What Are Flaring Nostrils or Wide Alar Base?
Wide or flaring nostrils, commonly referred to as “alar flare”1, are caused by an excessive width of the alar base, which is the area at the entrance to the nose. The ideal nose and nostril width are difficult to define and depend on many factors, including the size of face and mouth, and the width of the nose. To evaluate symmetry and balance, surgeons often rely on an imaginary vertical line originating from the inner corner of the eye to determine where the external border of each nostril should be placed. So in other words, the nostrils should lie within and not outside this imaginary vertical line. If you have an exceptionally protruding nasal tip and your tip projection is reduced surgically, the rims of your nostrils may flare and appear too large and buckle outwards. An alar base reduction or Weir excisions can solve this problem, and can also be used to make oversized nostrils smaller.
Can Wide Nostrils Be Fixed?
Thankfully, talented surgeons like Dr. Rizk can perform nostril alar base reduction rhinoplasty, also known as Weir excisions, which augments the size and width of your nostrils. This surgical procedure is also known as an alarplasty2 or nasal sill wedge resection, and it is the most common type of rhinoplasty. When performed by an expert rhinoplasty surgeon, it results in a more symmetrical, aesthetically pleasing nose. It can also be used to correct asymmetrical nostrils, where one nostril is larger than the other. This surgery can be done as part of a full rhinoplasty procedure or as a stand-alone procedure.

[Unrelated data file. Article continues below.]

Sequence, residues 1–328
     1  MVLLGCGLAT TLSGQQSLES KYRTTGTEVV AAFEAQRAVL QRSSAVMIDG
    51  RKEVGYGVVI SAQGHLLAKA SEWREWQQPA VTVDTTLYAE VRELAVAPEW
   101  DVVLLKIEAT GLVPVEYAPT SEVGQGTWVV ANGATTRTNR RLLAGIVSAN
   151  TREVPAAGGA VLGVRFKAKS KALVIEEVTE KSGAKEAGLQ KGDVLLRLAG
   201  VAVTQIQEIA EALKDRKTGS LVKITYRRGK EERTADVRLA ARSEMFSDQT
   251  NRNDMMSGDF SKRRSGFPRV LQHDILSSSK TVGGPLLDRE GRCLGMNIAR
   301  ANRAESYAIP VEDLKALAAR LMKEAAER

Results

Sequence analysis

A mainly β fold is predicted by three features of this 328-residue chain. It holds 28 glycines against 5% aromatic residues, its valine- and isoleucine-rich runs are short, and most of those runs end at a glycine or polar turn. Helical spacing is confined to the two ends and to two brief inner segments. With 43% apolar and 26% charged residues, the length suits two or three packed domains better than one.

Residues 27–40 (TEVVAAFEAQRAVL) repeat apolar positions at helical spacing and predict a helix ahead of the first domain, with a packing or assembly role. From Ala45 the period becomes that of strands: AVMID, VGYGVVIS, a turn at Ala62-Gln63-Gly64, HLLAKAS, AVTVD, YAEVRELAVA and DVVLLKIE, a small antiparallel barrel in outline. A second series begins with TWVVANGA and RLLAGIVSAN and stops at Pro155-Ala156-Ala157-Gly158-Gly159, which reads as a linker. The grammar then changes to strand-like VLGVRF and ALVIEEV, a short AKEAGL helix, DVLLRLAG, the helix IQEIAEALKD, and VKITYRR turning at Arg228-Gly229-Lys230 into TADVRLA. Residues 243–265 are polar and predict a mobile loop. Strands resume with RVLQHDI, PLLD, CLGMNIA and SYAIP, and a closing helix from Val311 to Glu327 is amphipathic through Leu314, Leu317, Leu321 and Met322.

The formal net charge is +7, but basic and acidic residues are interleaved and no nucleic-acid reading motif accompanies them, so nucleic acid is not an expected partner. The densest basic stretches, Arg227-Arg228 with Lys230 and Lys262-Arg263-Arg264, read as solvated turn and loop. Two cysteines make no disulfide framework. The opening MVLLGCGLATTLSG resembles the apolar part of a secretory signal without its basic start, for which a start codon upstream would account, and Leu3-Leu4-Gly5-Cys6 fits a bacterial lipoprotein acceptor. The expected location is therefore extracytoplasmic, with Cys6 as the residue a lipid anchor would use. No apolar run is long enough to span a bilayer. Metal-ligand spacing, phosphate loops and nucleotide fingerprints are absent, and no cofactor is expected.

Nostril Alar Base Reduction Rhinoplasty
During the procedure, small incisions will be made at the base of each nostril. Excess tissue and cartilage will then be removed and the nostrils reshaped to make them appear more symmetrical. Depending on the individual’s needs, Dr. Sam Rizk, a New York City rhinoplasty specialist, may also trim away excess tissue from the alar grooves or perform a sill excision to reduce the distance between the two nostrils.
Weir excisions sit hidden on the inside of the nostrils and are almost virtually invisible. In any case, the benefit of the excision outweighs any negatives of a small scar. The diagram below shows the incision lines (in red) typically used for weir excisions.
Dr. Rizk has also innovated use of a special suture that narrows the base of the nose that goes under the skin from nostril to nostril in the area under the nose. This suture can also narrow the base of the nose and is placed from an incision inside the nose. Sometimes, Dr. Rizk uses this suture alone or in combination with a Weir excision.
Causes of Wide Nostrils